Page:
The Coolpix S9100 comes with a wrist strap and rechargeable battery rated 270 shots per CIPA, a very good spec. Nikon does not supply a plug-in charger, so you use the supplied USB AC adaptor to power-up. In other words, your camera is out of action while the battery charges. If you get into the habit of plugging it when you get home, just like your cellphone, you’ll be alright. If not—tough luck. We know companies are trying to shave pennies where they can — Sony among them — but this is foolish. Along with USB and A/V cables there’s a CD-ROM with ViewNX 2 software for basic editing and image handling. Another disk has the full 236-page manual as a PDF, plus you get a printed 24-page Quick Start Guide.
Performance and use
The S9100 has a 1/2.3-inch, 12.1-megapixel BSI sensor, so we set the maximum resolution of 4000 x 3000 and used full HD for video. As always, we began shooting in auto, spinning the mode dial for other settings, capturing videos when an appropriate scene presented itself. Along with our traditional subjects near home, we took the camera, along with several others, to Florida’s east coast to see how it handled surfers, palm trees and blinding sunshine. Back home, 8.5 x 11 full-bleed prints were made without any post processing, files closely examined on a monitor, and videos experienced on a 50-inch plasma via HDMI.
Before getting into the results, we’ll state the S9100 is a good travel companion. It’s very easy toting around, powers up quickly and grabs focus with little hesitation thanks to a nine-point AF system. Menus are nothing special, but you’ll navigate them with a minimum of fuss. The 3-inch LCD was really impressive, as it handled direct sunlight very well, something we can’t say about the new Sony TX100V, which we’ll be reviewing shortly.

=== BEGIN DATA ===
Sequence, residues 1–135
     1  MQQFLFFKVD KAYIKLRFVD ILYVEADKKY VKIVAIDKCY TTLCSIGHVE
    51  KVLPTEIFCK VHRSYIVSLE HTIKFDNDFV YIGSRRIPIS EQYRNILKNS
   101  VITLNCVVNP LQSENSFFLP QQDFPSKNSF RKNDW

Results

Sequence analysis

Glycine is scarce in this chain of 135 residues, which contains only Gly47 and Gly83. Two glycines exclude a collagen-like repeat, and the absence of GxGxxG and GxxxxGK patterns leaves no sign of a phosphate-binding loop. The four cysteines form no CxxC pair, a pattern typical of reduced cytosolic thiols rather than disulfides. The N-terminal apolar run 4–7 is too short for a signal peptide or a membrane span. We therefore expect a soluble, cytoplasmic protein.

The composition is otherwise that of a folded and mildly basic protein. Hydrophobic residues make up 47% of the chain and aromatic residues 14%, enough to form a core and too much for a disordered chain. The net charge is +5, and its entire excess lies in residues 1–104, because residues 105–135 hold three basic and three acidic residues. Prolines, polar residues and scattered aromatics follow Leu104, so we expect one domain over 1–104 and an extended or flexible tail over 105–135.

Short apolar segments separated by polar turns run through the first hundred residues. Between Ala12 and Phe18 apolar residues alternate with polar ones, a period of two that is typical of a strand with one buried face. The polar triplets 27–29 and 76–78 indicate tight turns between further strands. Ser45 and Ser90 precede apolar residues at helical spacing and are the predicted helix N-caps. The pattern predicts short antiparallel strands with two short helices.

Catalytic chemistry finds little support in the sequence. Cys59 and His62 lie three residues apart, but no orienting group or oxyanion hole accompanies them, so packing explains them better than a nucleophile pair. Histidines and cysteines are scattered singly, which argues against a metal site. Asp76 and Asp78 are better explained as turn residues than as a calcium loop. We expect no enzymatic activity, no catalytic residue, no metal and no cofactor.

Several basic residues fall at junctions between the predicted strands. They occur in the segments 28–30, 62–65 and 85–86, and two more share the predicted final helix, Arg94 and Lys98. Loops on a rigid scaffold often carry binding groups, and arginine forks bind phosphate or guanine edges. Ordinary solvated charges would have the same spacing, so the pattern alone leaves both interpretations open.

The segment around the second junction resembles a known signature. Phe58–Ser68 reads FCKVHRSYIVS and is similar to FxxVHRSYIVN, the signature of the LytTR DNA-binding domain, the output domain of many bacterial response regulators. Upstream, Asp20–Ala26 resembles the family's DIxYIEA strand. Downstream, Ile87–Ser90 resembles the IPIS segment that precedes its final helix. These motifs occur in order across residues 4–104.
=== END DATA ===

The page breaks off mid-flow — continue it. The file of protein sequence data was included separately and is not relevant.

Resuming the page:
The killer attraction of this camera is its 18x zoom lens. Think about it for a second: You have a range of 25mm to 450mm in your hands. We prefer wide-angle vistas, which this digicam delivers, but if for some reason you really want to zero in on something super far away, you can do that too. We were on the pier at Deerfield Beach checking out the surfers, shooting wide expanses of ocean then grabbing surfers on their boards. Here one of the camera’s limitations rears its ugly head. Unlike many competing models that use optical image stabilization (OIS), the S9100 uses a combination of image sensor shift and electronic vibration reduction to help eliminate blurry photos. Olympus and Pentax use image sensor shift systems, so this is not unusual. Unfortunately, our results were not the best, not tack sharp. The Nikon P100 mega-zoom handles shots much better, since it has OIS. We know it costs more to implement, but the S9100 could really benefit from Nikon’s 5-way VR anti-blur system. Not to say all the shots were a bust, but if you’re offering 450mm, come on, guys, make it more useful, even if you have to charge a little more. Bracing the camera on something solid will improve your results.